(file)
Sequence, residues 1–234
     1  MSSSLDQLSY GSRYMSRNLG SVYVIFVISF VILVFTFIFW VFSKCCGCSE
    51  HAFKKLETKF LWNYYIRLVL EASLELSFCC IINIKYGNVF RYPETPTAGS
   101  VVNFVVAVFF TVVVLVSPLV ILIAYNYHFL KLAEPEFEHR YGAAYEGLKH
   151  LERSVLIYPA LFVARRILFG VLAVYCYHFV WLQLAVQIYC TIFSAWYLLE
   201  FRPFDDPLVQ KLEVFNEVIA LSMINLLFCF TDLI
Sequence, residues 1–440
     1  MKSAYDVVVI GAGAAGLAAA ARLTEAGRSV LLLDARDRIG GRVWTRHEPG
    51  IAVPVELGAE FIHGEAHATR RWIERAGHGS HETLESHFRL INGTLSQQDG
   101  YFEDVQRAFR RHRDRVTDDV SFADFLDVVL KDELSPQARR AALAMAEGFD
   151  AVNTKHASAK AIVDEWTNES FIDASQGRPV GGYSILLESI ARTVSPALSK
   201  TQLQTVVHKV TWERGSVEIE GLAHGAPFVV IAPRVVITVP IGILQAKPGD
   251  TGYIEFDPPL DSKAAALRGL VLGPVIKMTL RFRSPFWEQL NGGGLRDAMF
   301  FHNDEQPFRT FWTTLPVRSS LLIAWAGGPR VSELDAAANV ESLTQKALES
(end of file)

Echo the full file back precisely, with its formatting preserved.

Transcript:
Sequence, residues 1–234
     1  MSSSLDQLSY GSRYMSRNLG SVYVIFVISF VILVFTFIFW VFSKCCGCSE
    51  HAFKKLETKF LWNYYIRLVL EASLELSFCC IINIKYGNVF RYPETPTAGS
   101  VVNFVVAVFF TVVVLVSPLV ILIAYNYHFL KLAEPEFEHR YGAAYEGLKH
   151  LERSVLIYPA LFVARRILFG VLAVYCYHFV WLQLAVQIYC TIFSAWYLLE
   201  FRPFDDPLVQ KLEVFNEVIA LSMINLLFCF TDLI
Sequence, residues 1–440
     1  MKSAYDVVVI GAGAAGLAAA ARLTEAGRSV LLLDARDRIG GRVWTRHEPG
    51  IAVPVELGAE FIHGEAHATR RWIERAGHGS HETLESHFRL INGTLSQQDG
   101  YFEDVQRAFR RHRDRVTDDV SFADFLDVVL KDELSPQARR AALAMAEGFD
   151  AVNTKHASAK AIVDEWTNES FIDASQGRPV GGYSILLESI ARTVSPALSK
   201  TQLQTVVHKV TWERGSVEIE GLAHGAPFVV IAPRVVITVP IGILQAKPGD
   251  TGYIEFDPPL DSKAAALRGL VLGPVIKMTL RFRSPFWEQL NGGGLRDAMF
   301  FHNDEQPFRT FWTTLPVRSS LLIAWAGGPR VSELDAAANV ESLTQKALES